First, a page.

In addition, it would have signalled two major things to those who saw him wearing it. Firstly, it would have simply stood out from the rest. In a crowd of twelve brothers, Joseph would have been clear to see and marked out as special in some way. Secondly, colours of this nature would have meant leadership and superiority. Jacob was perhaps prophetically signalling Joseph’s rank above the rest.

Having favourites in a family is not a good idea. In a big family, there will always be those characters we get on well with and those we find it more difficult. Even our children can have a wide variety of personalities, and so, it can be easier to connect with some than others. The problem comes when we do not put an equal amount of effort into the relationships which are naturally more difficult. When we compare one child against another, it creates animosity. When we bestow expensive or special gifts on one, and not the other, the rest feel less valued and somehow less adequate.

This favouritism will lead to the major events of Joseph’s life. As we will see, Joseph will go through no small amount of suffering, and although it all turns out for God’s glory, what might have been different had Jacob been less obvious about who he favoured.

Hated

What is the result of Jacob’s favouritism? He brothers saw and knew it, and as a consequence, they hated Joseph. Each one was a son of Jacob, each one lived and served the family, and yet each one felt somehow less than Joseph was. Joseph’s actions of giving a bd report would have only added to this hatred (even if he had the best of intentions).

Hate is a powerful word. When my children use it in anger or in vain, I pull them up on it. Hatred should be reserved for evil and sin, and not tossed around lightly. Joseph’s brothers hated him, wishing him ill and later bringing it upon him.

Their hatred for him was so powerful that they could not even speak civilly to him. Imagine living in a household like this? The strife and tension would have been evident for all to see. To live in such an atmosphere would have been intolerable. We must also never underestimate the dangers of living in strife.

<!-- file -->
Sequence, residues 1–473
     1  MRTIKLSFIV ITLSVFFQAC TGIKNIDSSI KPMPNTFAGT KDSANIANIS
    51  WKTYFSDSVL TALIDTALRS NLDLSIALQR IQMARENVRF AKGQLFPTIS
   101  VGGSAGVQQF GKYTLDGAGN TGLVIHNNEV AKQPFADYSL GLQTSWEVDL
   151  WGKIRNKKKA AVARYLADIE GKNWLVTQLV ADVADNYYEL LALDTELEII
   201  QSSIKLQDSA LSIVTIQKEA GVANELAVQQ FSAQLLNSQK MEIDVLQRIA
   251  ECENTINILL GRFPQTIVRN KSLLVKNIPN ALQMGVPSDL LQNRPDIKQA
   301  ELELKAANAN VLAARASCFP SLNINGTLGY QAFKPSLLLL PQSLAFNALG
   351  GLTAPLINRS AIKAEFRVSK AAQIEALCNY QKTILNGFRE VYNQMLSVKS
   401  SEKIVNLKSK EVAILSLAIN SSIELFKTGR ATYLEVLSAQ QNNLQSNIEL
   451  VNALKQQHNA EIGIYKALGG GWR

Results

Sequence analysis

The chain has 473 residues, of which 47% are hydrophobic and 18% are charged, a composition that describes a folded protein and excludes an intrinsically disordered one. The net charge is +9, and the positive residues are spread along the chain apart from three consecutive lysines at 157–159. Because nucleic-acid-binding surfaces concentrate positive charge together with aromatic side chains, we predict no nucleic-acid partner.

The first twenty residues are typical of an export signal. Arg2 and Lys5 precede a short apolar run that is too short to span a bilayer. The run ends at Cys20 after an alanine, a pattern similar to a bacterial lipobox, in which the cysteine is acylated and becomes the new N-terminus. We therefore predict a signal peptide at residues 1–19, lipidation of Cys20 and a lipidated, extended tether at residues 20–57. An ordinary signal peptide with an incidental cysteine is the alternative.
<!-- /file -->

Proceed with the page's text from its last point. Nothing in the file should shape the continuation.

For where envying and strife is, there is confusion and every evil work.

James 3:16 (KJV)

Where there is strife, there is “every evil work!” Strife opens the door for the enemy to work in our lives, and we must shut that door at all costs.

Jacob’s actions led to the brothers of Joseph hating him. You may find yourself in a place where someone else’s actions have led you to feel hatred for someone else. Perhaps your parents did to you what Jacob did to Joseph’s brothers. I cannot imagine the pain you must feel for this. If you are able, pray about the situation and tell God how you feel. Ask Him to help you forgive and let go of the hatred. If you simply cannot right now, just bring your pain to the Father and let Him minister to you.

One of the things I love about the Bible is that it does not sugar coat anything. Jacob, Joseph and his brothers were a real family with real problems leading to real pain. Many of us can relate! As we study Joseph’s life, I pray that God will help us learn their lessons and not repeat their errors. In Jesus’ Name, Amen!

Do Not Murder

The next commandment in our series seems a fairly straightforward one – do not murder. You can find it here in Exodus 20.

“You are not to commit murder.

Exodus 20:13 (ISV)

With a command like this, there may not seem all that much to say about it. Do not go around murdering people. Simple.

I am guessing that most people reading this have never broken this command, and are not likely to do so. But as we have seen with some of the other commandments, there is more here than meets the eye.

To murder